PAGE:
According to the American Psychological Association

Addiction is a chronic disorder with biological, psychological, social and environmental factors influencing its development and maintenance.


Background: Addiction is a neurobiological disease, according to the American Academy of Addiction Medicine. Its development is influenced by environmental, cognitive, and genetic factors. Addiction can be characterized by “impaired control over drug use, compulsive use, continued use despite harm and/or craving.” Addiction often implies dependence on substances other than alcohol, although alcoholism is essentially alcohol addiction.

The American Psychiatric Association recommends avoiding the word addict (and alcoholic – see entry below), suggesting instead the use of the phrase “someone experiencing a drug/alcohol problem.” The association also discourages using derogatory language such as the term “junkie” to refer to someone who misuses drugs.

According to the U.S. Department of Health and Human Services’ Center for Substance Abuse Treatment, the word “addiction” is acceptable for uncontrollable, compulsive use of substances as well as acts such as gambling, sex, working, etc., in the face of negative health and social consequences. The center states that addiction differs from dependence in that dependence only accounts for health problems, whereas addiction denotes use, despite health and social problems (this same distinction applies to alcohol dependence and alcoholism). The center also recommends using the word “misuse” in place of “abuse” when describing harmful drug usage.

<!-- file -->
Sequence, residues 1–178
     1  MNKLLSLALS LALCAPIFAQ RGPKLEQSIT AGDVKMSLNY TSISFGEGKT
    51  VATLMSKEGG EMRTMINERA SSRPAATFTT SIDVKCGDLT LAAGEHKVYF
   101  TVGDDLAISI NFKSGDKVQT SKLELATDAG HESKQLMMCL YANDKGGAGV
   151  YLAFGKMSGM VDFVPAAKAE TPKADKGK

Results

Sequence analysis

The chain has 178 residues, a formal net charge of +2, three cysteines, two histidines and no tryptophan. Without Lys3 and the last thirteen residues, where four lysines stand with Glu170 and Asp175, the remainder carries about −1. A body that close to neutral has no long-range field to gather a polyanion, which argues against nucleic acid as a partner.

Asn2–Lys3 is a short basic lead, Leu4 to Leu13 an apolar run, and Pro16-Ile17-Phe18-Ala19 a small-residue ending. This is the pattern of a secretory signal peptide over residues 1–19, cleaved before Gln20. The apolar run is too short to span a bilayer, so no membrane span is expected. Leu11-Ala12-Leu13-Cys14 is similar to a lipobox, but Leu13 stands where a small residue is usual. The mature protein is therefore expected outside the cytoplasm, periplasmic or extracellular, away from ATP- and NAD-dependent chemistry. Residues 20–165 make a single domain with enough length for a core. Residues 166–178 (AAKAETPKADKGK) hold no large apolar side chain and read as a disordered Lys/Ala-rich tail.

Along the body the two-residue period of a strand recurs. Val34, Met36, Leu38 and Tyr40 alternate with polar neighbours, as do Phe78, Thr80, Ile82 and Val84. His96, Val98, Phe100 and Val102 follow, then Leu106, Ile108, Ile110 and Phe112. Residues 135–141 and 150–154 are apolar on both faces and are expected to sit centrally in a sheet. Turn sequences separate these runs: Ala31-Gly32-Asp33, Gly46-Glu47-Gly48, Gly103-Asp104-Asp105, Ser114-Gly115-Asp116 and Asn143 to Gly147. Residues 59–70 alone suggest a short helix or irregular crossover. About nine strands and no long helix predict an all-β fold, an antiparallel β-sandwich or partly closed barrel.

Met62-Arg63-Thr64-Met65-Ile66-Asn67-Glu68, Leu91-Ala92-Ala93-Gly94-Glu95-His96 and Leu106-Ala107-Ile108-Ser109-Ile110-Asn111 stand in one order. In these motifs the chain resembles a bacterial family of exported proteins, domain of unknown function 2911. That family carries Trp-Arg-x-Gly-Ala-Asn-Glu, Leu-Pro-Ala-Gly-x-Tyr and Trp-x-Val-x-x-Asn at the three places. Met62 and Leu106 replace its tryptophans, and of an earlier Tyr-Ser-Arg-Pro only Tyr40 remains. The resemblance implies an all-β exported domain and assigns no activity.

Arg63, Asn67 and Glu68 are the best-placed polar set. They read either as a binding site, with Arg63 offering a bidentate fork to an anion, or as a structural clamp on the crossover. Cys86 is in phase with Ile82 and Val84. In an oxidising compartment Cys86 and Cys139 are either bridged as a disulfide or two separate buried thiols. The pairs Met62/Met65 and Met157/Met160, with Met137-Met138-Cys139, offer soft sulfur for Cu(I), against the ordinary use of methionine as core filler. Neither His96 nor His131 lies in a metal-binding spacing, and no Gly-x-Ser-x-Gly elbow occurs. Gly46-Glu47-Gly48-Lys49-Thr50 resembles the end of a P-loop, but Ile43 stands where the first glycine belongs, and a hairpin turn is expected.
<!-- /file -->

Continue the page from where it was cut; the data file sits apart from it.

It’s best to avoid using “clean” and “dirty” with regard to drug test results, according to the Center for Substance Abuse and Treatment. The terms are considered derogatory because they equate symptoms of illness to filth. When referring to a drug test, state that the person “tested positive for (drugs).”

NCDJ Recommendation: It is preferable to refer to someone who harmfully uses drugs as “someone with a drug addiction.” Use “recovering” or “in recovery from” to refer to someone trying to overcome active addiction, that is, “someone recovering from a methamphetamine addiction.”

Conforms to AP style, which states that addiction is an acceptable term, although some clinicians prefer “substance abuse disorder.” AP also suggests avoiding words like “abuse” or “problem” in favor of the word “use” with an appropriate modifier such as “risky,” “unhealthy,” “excessive” or “heavy.” “Misuse” also is acceptable. Don’t assume all people who engage in misuse have an addiction.


Substance use disorder (SUD).